Barack Obama may not have been on the ballot. But the Republican victory in Wisconsin's gubernatorial recall election on Tuesday was a near unmitigated disaster both for him and his party, one that will reinforce the emerging doubts over his prospects of re-election in November.
Democrats were advancing predictable excuses yesterday. Mr Obama didn't get involved in the campaign, they point out, while incumbent Scott Walker vastly outspent his Democratic challenger Tom Barrett.
Anyway, they could console themselves, exit polls suggested the President is still ahead of Mitt Romney in the state. Probably, too, it was a tactical mistake to try to get rid of a first-term governor before he had served 18 months in office and who had not been accused of corruption. There have been only three attempts to recall governors since 1921, and Mr Walker was the first to survive.
But the mitigating circumstances end there. Mr Walker's sin had been to take on the public sector unions, trimming benefits and limiting collective bargaining rights, to help reduce Wisconsin's budget deficit. The recall was meant to be a show of strength for organised labour. The outcome was exactly the opposite.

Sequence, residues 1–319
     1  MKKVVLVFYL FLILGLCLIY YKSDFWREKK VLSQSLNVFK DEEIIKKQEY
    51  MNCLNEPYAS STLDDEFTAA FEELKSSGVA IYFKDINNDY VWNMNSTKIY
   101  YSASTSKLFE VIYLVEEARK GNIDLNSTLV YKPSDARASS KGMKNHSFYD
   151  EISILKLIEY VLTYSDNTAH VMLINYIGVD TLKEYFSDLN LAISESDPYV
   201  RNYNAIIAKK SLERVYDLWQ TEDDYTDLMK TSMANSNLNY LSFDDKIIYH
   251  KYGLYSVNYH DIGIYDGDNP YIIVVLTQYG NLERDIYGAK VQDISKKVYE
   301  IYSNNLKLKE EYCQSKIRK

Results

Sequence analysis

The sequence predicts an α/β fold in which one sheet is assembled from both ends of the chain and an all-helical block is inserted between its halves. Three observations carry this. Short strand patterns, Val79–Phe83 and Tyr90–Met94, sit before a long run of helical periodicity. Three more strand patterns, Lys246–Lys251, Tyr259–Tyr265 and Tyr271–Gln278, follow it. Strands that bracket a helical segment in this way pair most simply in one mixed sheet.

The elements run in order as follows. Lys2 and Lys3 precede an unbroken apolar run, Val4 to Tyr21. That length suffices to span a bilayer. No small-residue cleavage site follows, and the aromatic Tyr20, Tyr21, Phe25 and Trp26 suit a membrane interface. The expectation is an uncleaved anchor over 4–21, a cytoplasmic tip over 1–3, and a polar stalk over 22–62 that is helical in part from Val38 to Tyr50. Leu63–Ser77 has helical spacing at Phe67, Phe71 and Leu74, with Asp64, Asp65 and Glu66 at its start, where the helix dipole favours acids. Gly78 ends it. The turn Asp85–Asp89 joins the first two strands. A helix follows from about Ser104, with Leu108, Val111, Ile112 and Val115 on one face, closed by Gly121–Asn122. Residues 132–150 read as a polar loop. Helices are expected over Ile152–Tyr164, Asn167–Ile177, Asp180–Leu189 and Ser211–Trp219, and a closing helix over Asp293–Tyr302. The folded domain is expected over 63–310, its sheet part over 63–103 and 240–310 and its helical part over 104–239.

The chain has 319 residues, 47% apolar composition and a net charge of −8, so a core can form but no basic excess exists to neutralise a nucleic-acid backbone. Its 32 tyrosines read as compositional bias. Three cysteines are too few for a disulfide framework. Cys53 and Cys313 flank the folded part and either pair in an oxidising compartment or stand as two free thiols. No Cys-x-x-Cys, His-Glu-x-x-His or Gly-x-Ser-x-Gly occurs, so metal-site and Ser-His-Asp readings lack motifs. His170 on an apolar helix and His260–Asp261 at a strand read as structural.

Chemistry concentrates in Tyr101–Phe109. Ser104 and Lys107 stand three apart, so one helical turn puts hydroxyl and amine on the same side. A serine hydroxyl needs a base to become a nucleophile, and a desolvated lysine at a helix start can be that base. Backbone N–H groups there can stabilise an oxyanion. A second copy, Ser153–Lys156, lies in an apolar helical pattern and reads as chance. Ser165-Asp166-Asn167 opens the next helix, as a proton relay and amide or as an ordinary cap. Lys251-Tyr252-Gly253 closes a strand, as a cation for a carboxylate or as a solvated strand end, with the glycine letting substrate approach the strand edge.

Instead, the unions – a vital source of Democrat votes and funding – have been badly weakened, while the result proves that the Tea Party-driven ideas about fiscal austerity and deficit-cutting that propelled Republicans to their 2010 midterms triumph, are – contrary to some reports – very much alive. By their ferocious opposition to the young and telegenic Mr Walker, Democrats have merely created another conservative star.
And it couldn't have happened in a worse place. Wisconsin, like Michigan, Ohio and Pennsylvania, will be an important rust-belt battleground in November. Historically, the state has leant Democratic.
The last Republican to carry it was Ronald Reagan in 1984, and Mr Obama won by 14 points in 2008. But the Democratic victories in both 2000 and 2004 were razor thin, and national polls show Mr Obama losing ground among middle and lower-income white voters, a big chunk of the Wisconsin electorate.
And Mr Romney, who now inherits the impressive Walker operation, is not the only one from his party hoping for a win in the state on November 6.
That day, Wisconsin voters will also fill the senate seat made vacant by the retirement of Democrat Herb Kohl. The recall result suggests Republicans have a real shot at winning, and maybe regaining control of the US Senate in the process.
One way and another, Tuesday was a bad day for Democrats.